All reports from the last 3 years can be found on the NIHR website.
A common standard for the evaluation of public engagement with research
Despite growing interest in public engagement with research, there are many challenges to evaluating engagement. Evaluation findings are rarely shared or lead to demonstrable improvements in engagement practice. This has led to calls for a common 'evaluation standard' to provide tools and guidance for evaluating public engagement and driving good practice. This paper proposes just such a standard. A conceptual framework summarizes the three main ways in which evaluation can provide judgements about, and enhance the effectiveness of, public engagement with research. A methodological framework is then proposed to operationalize the conceptual framework. The standard is developed via a literature review, semi-structured interviews at Queen Mary University of London and an online survey. It is tested and refined in situ in a large public engagement event and applied post hoc to a range of public engagement impact case studies from the Research Excellence Framework. The goal is to standardize good practice in the evaluation of public engagement, rather than to use standard evaluation methods and indicators, given concerns from interviewees and the literature about the validity of using standard methods or indicators to cover such a wide range of engagement methods, designs, purposes and contexts.
Researchers are ‘missing a trick’ with public involvement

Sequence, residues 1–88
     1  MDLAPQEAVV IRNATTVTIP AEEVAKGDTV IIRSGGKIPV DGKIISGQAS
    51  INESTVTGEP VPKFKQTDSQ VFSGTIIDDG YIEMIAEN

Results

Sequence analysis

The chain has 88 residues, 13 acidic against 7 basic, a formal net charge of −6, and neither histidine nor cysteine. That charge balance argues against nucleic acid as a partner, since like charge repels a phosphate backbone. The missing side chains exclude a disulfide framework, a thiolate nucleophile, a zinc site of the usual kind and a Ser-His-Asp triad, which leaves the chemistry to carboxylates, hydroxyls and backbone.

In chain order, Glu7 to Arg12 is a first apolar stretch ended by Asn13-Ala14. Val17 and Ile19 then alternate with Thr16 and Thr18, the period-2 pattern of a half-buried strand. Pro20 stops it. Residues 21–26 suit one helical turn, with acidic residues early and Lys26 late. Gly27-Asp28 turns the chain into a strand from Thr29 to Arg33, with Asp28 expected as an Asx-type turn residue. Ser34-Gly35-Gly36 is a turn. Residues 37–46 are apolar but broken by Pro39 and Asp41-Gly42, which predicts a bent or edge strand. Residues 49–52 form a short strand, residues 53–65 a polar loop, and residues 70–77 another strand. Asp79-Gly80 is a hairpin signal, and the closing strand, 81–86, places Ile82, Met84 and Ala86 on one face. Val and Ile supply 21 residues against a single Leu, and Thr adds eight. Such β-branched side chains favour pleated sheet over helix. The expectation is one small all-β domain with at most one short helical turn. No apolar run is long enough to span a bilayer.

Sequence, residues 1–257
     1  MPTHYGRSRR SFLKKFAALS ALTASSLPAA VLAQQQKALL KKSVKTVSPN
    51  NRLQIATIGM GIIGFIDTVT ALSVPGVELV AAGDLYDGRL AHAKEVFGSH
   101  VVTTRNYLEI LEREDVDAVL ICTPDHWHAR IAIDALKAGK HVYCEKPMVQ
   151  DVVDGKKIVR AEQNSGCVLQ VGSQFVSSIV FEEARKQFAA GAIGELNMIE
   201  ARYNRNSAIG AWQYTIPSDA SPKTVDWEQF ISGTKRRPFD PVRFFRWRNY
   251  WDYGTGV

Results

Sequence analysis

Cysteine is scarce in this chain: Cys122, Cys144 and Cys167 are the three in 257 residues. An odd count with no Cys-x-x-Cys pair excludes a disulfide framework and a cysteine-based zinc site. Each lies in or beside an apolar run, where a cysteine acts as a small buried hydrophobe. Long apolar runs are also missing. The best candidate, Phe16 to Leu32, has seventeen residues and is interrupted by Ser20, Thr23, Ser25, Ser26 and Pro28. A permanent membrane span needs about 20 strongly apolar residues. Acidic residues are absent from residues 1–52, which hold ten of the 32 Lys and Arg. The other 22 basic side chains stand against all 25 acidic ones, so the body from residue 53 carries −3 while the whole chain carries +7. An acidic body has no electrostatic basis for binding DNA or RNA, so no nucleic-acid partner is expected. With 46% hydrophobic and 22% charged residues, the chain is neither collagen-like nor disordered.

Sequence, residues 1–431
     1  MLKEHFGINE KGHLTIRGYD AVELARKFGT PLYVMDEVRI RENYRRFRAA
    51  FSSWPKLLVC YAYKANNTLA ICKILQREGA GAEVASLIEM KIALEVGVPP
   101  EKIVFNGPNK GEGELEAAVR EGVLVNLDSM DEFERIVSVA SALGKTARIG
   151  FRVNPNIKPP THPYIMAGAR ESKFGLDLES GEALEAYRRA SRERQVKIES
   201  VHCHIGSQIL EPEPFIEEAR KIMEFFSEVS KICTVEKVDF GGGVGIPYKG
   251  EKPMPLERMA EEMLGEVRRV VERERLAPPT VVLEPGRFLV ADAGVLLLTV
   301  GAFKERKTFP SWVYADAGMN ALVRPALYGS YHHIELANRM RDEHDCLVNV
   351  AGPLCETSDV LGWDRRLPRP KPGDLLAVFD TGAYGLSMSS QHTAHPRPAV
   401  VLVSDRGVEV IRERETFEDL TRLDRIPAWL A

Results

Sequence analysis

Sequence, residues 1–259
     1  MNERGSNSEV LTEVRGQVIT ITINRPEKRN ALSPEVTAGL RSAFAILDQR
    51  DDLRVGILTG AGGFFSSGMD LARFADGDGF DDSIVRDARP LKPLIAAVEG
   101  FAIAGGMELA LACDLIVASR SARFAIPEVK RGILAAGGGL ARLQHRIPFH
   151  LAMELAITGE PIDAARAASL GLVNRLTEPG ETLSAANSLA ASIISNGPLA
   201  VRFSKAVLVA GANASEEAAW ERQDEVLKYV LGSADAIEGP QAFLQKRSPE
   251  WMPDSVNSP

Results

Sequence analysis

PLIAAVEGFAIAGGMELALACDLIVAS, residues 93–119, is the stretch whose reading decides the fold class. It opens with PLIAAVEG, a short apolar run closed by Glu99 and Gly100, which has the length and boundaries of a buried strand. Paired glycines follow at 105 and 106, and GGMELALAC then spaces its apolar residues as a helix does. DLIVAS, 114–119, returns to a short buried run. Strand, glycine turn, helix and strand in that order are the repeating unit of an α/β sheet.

A new HRA study has highlighted the fact that health researchers are 'missing a trick' by not demonstrating how patients and the public have contributed to the design and conduct of research.
The study showed that 63% of applicants claimed to have involved the public, but analysis revealed that only 36% of applications reflected the accepted definition of public involvement, with researchers often make simple statements along the lines of ‘Patients and carers were involved in the design of this study’. This makes it difficult to judge whether the involvement has shaped the study design in any way that would make it more ethically acceptable. 18% of researchers who described involvement in the design of their study were planning to do this after REC review. Good practice would be to include involvement before REC review, to improve the ethical acceptability of research and inform the ethical review process.
The SHARED study: public co researchers in dementia research
Co-production is the new buzz word in research but many are unsure as to what it actually entails. Take a look at The SHARED study which is an example of how public co-researchers were involved in developing carer and patient-led recommendations for people with dementia or memory loss returning home from hospital. The article illuminates the experience of public and academic researchers in delivering this research together.
“Public engagement: a practical guide” from Sense about Science and NIHR
The new best practice guide is aimed at helping other researchers involve the public in communicating findings from the earliest stages of their projects and on the most challenging of subjects. It features a five-step process to present research information in a way that is shaped from the outset by people who will use it. The advice given ranges from initial scoping of the subject to planning and user-testing materials to present findings in a clear and accessible way.
Update on payment for involvement in research - an agreed statement and INVOLVE's understanding of the changes to HMRC Inland Revenue IR35 regulations
Changes to HMRC regulations on ‘contractors and intermediaries’ have led to some institutions processing payments for involvement in research through PAYE. INVOLVE has discussed these changes with HMRC and the Dept of Health’s Tax Advisor, and produced an agreed statement along with INVOLVE’s understanding of how these regulations might relate to payment for involvement.